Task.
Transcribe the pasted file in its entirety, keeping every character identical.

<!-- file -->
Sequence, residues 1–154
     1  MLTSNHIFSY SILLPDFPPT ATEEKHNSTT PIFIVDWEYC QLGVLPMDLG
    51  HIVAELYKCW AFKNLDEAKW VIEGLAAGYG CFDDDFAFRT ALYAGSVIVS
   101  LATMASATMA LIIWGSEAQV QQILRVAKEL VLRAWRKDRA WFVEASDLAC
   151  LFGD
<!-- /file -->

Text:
Sequence, residues 1–154
     1  MLTSNHIFSY SILLPDFPPT ATEEKHNSTT PIFIVDWEYC QLGVLPMDLG
    51  HIVAELYKCW AFKNLDEAKW VIEGLAAGYG CFDDDFAFRT ALYAGSVIVS
   101  LATMASATMA LIIWGSEAQV QQILRVAKEL VLRAWRKDRA WFVEASDLAC
   151  LFGD